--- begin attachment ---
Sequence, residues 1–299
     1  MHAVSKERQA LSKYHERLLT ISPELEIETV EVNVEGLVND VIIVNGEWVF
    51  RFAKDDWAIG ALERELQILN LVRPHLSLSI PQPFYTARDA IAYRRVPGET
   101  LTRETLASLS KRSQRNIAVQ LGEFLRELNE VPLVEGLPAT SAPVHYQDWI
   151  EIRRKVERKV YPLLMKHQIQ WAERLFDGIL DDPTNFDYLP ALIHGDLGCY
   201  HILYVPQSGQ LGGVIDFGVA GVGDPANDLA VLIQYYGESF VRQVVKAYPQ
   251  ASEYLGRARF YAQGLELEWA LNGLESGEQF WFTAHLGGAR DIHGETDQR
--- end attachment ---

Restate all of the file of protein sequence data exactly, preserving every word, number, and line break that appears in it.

Sequence, residues 1–299
     1  MHAVSKERQA LSKYHERLLT ISPELEIETV EVNVEGLVND VIIVNGEWVF
    51  RFAKDDWAIG ALERELQILN LVRPHLSLSI PQPFYTARDA IAYRRVPGET
   101  LTRETLASLS KRSQRNIAVQ LGEFLRELNE VPLVEGLPAT SAPVHYQDWI
   151  EIRRKVERKV YPLLMKHQIQ WAERLFDGIL DDPTNFDYLP ALIHGDLGCY
   201  HILYVPQSGQ LGGVIDFGVA GVGDPANDLA VLIQYYGESF VRQVVKAYPQ
   251  ASEYLGRARF YAQGLELEWA LNGLESGEQF WFTAHLGGAR DIHGETDQR